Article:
7 February 2022
Cost of living crisis: Aldous calls for targeted support to protect the most vulnerable

Peter Aldous takes the opportunity of a debate on the annual up-rating of social security benefits and state pension increases to call for more support for the most vulnerable as we face the challenges of the cost of living crisis, specifically we need targeted assistance to protect those for whom the most immediate outlook is bleak.

Peter Aldous (Waveney) (Con)

Although it is necessary to approve the orders before the House, this debate also provides the opportunity for us to highlight the serious challenges that currently face the most vulnerable in society as a result of inflation rising to levels we have not seen for decades.

Back in September, there was a recognition that the consumer prices index would probably rise above 3.1%, but not that it would rise to 5.4% in three months or to the 7% currently predicted and that may be reached in the next few months. At that time, there was probably a consensus view that the significant rise in earnings, of the order of 8%, was an anomaly resulting from the reopening of the economy and the relaxing of covid restrictions. Set in that context, one could understand why it was financially prudent to suspend the triple lock for one year. Five months on, it appears not to be an anomaly and not to be a one-off.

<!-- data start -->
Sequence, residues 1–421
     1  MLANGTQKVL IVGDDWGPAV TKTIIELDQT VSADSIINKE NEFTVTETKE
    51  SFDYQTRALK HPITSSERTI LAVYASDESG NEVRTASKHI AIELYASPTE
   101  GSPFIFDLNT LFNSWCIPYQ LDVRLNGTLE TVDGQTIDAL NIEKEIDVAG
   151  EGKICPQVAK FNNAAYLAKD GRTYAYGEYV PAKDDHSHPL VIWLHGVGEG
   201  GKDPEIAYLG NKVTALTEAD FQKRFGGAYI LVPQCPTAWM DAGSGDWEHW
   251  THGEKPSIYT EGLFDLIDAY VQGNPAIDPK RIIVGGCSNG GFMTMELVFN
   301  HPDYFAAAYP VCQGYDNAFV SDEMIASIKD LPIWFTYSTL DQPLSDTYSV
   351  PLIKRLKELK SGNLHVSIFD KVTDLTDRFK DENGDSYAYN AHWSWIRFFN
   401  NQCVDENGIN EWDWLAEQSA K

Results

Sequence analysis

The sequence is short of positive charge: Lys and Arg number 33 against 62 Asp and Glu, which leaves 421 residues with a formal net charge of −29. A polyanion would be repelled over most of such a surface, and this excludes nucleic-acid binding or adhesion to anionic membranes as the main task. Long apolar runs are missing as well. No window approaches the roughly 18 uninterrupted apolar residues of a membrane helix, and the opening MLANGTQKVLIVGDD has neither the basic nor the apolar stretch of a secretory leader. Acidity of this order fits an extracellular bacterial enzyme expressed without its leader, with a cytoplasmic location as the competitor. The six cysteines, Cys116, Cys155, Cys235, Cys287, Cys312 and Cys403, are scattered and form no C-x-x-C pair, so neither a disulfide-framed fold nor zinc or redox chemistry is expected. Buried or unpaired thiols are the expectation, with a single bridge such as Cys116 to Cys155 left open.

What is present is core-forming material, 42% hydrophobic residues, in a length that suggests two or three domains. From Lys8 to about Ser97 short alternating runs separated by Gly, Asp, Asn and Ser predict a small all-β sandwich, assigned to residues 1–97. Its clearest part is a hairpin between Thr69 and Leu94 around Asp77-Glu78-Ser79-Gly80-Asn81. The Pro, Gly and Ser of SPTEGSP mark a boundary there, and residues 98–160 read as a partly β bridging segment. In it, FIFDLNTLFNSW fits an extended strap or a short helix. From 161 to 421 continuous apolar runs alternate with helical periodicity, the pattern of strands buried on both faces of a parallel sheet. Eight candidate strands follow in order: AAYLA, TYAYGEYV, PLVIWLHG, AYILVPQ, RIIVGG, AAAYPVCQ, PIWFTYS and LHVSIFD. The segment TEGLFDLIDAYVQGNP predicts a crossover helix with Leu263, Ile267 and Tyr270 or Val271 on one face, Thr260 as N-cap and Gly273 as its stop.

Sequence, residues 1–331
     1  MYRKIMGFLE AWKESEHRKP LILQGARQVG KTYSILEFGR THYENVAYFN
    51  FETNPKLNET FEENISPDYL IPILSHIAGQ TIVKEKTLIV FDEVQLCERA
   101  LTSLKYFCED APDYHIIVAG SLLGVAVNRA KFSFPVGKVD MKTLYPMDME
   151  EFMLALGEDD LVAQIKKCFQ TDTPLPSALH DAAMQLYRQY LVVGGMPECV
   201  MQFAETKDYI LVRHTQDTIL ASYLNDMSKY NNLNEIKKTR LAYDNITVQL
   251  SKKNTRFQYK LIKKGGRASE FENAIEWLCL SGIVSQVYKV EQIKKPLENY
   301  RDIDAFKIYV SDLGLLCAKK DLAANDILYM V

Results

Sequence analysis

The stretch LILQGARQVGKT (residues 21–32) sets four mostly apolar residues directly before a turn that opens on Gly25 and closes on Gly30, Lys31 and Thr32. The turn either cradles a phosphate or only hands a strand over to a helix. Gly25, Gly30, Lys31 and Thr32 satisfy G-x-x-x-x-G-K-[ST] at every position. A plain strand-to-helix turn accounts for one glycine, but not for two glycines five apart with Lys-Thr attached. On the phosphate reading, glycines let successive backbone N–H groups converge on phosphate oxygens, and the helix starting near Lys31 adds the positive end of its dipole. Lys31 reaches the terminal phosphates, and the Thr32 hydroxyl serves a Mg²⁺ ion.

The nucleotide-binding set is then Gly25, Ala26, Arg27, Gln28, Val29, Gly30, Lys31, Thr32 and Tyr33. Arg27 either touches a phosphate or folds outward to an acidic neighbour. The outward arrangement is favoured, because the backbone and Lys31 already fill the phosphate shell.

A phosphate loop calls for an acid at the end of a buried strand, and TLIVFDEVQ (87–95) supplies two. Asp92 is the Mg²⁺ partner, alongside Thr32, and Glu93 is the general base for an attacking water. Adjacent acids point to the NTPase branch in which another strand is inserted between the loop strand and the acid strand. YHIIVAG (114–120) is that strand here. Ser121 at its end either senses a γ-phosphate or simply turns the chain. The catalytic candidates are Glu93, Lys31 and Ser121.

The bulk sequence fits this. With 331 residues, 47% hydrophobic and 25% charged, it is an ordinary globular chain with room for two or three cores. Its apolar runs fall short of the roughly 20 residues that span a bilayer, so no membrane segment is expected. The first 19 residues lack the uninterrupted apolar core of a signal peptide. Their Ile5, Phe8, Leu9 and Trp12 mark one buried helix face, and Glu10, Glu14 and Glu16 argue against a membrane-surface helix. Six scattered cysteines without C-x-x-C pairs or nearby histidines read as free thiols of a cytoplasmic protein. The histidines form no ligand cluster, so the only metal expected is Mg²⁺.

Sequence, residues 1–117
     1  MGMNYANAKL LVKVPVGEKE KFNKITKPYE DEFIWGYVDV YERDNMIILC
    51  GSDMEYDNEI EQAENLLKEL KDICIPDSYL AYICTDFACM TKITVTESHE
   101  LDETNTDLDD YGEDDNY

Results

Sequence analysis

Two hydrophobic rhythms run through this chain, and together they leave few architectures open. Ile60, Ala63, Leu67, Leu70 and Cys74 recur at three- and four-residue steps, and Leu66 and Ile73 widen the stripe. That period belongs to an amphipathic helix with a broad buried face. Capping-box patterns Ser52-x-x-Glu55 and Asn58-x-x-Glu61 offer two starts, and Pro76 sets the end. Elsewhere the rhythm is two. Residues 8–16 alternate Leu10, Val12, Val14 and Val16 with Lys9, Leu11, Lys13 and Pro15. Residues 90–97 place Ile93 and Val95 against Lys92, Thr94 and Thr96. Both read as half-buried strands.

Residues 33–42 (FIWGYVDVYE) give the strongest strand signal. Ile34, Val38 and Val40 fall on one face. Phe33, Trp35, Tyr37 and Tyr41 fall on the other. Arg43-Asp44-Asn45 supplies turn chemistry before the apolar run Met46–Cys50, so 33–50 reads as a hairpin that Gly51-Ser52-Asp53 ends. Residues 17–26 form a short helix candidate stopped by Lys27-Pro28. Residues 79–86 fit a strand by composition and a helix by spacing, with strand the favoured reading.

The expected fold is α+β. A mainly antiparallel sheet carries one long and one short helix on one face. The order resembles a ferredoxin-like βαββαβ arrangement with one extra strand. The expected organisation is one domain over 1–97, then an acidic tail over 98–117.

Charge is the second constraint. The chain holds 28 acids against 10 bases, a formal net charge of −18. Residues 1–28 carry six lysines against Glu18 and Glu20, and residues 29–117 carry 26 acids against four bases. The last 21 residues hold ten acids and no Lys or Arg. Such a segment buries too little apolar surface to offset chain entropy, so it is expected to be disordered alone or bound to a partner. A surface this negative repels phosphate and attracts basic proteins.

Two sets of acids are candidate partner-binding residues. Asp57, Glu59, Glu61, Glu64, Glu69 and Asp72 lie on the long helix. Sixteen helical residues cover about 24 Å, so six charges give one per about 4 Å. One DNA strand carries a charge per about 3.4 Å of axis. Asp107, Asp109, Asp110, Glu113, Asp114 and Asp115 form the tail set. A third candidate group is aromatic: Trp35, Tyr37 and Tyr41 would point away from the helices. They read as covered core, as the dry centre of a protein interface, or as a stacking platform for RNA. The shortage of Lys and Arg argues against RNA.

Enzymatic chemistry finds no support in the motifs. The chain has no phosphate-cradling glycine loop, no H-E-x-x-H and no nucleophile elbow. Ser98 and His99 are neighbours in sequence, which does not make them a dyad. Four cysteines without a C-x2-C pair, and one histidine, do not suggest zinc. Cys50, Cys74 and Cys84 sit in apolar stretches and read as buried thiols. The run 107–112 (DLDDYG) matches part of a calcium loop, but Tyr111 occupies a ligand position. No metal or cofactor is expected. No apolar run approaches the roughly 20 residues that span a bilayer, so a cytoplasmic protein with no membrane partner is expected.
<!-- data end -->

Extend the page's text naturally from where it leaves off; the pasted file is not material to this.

I recognise the measures in place to support the poorest pensioners that my hon. Friend the Minister outlined, but the Government must be prepared to provide more targeted assistance. Back in September, I supported the retention of the £20 universal credit uplift. I feared that covid would have a long and vicious tail and was concerned that the withdrawal of the uplift would hit a lot of people very hard. Subsequent events have shown that the uplift should have been retained. Universal credit has the advantage that its infrastructure is in place and up and running, and that it is targeted at the poorest and helps people to stay afloat and not spiral into destitution.

In the context of the annual uprating of universal credit having been frozen for four years prior to the pandemic, the increase before us is helpful, but it neither makes up for the ground lost in the past nor provides adequate support for the most vulnerable in the immediate future. Again, I recognise the other support measures that the Government have introduced—including the increase in the UC taper rate, the increase in the work allowance and the household support fund—but the cost of living crisis is currently the most serious challenge the UK faces and the Government must do more in terms of targeted assistance to protect those for whom the most immediate outlook is bleak. In that context, I welcome the Minister’s assurance that the Government are keeping the situation under close review. Last week’s announcements were welcome, but I sense that they were too broad and too shallow, and that more deep and carefully directed support will be required.